Tuesday, December 07, 2010

Debt, dominance and stability

The United States finds itself constrained by debt and losing leverage on the world stage. Secretary of State, Hillary Clinton, concedes this "sends a message of weakness internationally."

Richard Haass, president of the Council on Foreign Relations, believes this is bad for America and bad for the world. According to Haass, the diminution of US dominance over the world system will herald "an era of international relations in which things get a lot messier."

Clearly, Clinton and Haass subscribe to the establishment consensus, that the United States has been a benign hegemon, indefatigably "promoting prosperity and stability around the world", by being able to "lead and act in the ways it has ... since World War II."

These "ways" include flagrant disregard and explicit contempt for international law, unprovoked aggression and war crimes, covert and overt interventions abroad, massive corporate fraud and a host of horrendous atrocities around the world.

If there were any truth to the claims made by the Anglo-American establishment and their Western vassals, promoting and endorsing US dominance of the world system, would there be any need for multi-trillion dollar war spending? Would there be millions starving in Africa while millions suffer obesity in the West?

Has fifty years of western military intervention around the world made the place safer or more stable, is there any evidence that the trillions spent on war have served to enhance security and prosperity for more than a super-rich clique?

It requires a peculiar US-centric perspective on the world and blind faith in the efficacy of force to believe that US dominance of the world system is good for America and good for the world.

A more balanced and realistic view of the world permits the possibility that US interventionist policies and disregard for international norms actually provoke hostility, promote conflict, undermine the rule of law and foster global instability.

The United States' fiscal deficit is not its only deficit - of equal significance is its deficit in trust and credibility. The decline in the value of the US dollar is concomitant with a decrease in the standing of the US on the world stage. As the US is progressively reduced in wealth and standing, it will be subjected to ever-greater pressure to conform to international norms.

The loss of American "exceptionalism" will curb the United States' predilection for unilateral intervention in other nations' affairs. Fiscal constraints will be compounded by political and military constraints. Unsustainable war spending will have its day of reckoning.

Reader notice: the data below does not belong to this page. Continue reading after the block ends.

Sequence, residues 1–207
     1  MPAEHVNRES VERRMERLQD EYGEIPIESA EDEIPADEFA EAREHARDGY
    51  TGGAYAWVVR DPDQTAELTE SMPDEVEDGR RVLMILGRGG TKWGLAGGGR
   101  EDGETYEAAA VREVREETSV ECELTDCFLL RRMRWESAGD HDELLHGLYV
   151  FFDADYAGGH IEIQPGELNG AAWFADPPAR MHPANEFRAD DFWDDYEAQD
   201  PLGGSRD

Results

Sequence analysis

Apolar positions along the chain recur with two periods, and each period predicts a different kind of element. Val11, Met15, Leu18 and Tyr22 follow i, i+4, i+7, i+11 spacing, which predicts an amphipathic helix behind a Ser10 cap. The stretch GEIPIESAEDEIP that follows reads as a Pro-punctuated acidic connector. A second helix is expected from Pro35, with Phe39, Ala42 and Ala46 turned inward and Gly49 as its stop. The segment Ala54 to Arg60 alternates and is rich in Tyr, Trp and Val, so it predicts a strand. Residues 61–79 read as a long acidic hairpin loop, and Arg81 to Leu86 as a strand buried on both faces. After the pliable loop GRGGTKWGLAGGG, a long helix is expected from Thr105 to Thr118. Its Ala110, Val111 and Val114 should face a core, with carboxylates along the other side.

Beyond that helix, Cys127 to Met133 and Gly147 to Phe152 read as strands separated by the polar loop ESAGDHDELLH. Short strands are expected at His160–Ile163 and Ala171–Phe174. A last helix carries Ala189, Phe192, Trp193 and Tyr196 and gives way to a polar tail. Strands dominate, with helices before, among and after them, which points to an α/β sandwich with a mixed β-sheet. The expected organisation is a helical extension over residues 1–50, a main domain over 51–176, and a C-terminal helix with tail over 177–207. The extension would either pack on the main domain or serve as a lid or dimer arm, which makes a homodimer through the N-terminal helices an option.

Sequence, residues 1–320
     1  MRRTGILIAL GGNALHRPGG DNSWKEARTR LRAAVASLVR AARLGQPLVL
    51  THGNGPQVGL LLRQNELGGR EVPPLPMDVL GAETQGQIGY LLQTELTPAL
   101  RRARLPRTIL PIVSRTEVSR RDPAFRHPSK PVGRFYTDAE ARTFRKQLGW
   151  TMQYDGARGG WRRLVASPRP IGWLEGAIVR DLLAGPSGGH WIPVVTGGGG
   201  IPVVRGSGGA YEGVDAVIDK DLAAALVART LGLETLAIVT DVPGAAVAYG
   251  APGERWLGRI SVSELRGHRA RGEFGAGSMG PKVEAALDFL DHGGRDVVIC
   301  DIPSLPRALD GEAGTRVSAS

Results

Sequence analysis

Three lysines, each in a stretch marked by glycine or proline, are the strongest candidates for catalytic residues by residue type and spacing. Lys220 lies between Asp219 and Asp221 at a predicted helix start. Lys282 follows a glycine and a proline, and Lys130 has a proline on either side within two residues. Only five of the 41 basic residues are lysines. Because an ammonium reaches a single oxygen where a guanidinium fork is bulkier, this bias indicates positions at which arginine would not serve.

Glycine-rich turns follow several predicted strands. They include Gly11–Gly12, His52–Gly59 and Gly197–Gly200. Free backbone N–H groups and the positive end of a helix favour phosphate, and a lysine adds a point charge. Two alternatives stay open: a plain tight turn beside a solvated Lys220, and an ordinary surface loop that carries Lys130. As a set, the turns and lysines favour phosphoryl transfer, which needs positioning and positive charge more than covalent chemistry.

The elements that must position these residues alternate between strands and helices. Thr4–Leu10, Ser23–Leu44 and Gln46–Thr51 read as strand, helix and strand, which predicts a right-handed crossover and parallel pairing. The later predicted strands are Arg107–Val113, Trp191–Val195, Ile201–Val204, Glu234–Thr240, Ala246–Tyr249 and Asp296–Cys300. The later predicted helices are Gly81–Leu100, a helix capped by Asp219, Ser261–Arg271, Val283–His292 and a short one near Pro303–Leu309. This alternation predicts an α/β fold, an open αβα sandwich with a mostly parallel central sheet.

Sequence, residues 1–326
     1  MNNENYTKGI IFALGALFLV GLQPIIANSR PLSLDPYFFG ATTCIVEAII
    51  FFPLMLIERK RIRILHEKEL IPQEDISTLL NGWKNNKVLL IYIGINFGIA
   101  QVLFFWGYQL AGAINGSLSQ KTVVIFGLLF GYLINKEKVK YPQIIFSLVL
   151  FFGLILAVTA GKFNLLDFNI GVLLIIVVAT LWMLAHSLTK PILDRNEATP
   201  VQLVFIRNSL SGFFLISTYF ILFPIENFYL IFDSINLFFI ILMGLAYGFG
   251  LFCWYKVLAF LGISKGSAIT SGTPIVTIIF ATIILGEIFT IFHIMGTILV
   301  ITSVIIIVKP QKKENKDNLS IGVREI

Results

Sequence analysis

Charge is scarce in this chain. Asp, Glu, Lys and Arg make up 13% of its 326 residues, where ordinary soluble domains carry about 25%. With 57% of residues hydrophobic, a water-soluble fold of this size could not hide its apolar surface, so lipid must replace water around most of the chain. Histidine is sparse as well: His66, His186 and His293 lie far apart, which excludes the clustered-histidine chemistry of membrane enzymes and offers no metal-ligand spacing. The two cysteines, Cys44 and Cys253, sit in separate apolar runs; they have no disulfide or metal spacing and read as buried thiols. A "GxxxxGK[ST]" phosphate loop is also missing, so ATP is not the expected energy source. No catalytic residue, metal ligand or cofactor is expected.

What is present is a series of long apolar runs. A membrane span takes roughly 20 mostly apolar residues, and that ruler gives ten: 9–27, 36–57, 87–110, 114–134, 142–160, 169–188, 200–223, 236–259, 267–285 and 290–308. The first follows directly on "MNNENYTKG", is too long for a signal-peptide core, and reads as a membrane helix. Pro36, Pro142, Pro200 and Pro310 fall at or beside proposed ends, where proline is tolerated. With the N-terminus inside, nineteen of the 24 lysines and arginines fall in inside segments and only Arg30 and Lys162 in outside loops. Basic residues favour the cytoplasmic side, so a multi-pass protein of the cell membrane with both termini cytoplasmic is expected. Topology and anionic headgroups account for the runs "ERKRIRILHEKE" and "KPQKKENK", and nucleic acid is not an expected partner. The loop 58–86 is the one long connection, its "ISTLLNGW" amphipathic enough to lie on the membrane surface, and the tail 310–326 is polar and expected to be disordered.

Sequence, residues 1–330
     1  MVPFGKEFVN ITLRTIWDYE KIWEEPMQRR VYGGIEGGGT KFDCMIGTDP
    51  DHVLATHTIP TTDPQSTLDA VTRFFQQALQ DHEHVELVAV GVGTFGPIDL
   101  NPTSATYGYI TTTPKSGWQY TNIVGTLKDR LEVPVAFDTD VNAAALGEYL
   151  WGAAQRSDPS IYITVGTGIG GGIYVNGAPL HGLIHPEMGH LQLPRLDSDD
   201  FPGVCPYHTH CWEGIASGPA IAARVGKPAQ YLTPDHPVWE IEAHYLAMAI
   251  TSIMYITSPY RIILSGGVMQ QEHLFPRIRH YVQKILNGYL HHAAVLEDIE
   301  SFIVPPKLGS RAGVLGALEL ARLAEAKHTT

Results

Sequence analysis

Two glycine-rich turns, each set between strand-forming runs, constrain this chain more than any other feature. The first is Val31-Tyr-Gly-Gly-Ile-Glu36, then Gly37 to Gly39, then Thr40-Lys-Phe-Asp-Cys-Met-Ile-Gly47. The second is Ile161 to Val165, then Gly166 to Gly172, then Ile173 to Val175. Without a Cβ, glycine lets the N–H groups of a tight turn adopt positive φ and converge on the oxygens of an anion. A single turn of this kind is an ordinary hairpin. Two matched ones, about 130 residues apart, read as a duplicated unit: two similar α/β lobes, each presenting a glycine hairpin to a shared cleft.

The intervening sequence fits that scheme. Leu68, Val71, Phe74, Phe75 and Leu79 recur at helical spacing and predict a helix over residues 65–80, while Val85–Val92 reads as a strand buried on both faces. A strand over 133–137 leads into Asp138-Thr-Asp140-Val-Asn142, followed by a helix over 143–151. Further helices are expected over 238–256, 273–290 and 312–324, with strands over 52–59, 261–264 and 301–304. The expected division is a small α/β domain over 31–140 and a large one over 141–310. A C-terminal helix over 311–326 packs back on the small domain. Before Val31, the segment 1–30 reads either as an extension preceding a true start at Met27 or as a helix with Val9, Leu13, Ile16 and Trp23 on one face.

The dissolution or fragmentation of the unipolar world system will hasten the "emergence of a polycentric international system", a more equitable and representative balance of powers on the world stage. This might seem like a frightening prospect for the failing superpower, but for the rest of the world, it offers promising possibilities.

The trend is well illustrated in this analysis by Kaushik Deka,
Towards a new world order ...
The global economic downturn has severely hurt the American economy. This, together with the military reverses in Iraq and Afghanistan, show America’s dwindling authority in controlling the once US-dominated world order. The biggest casualty, however, has been America’s image of invincibility. China, in contrast, has shown remarkable resilience economically, increasing its global influence tremendously. This has raised legitimate questions about who is going to lead the globalisation process in future and how will it affect the shaping of the global order.

The United States always justified its primary position in the globalisation process due to its strong economy and armed superiority. Now, employing the same logic, the Chinese have started staking their claim for a greater leadership role in global financial institutions. The recent G20 summit in Seoul, besides showcasing growing Chinese strength, proves that the US and its allies are capable of neither unilaterally deciding the outcome of any major global summit nor imposing their interests on other state actors.

Further, many of America’s former allies are being seen as supporting the Chinese stand on several financial issues. This is indeed a silent but defining shift in the global order. Global capitalism, therefore, is no longer being led by the Unites States alone; rather, it is equally being taken forward by emerging economies like China and India.

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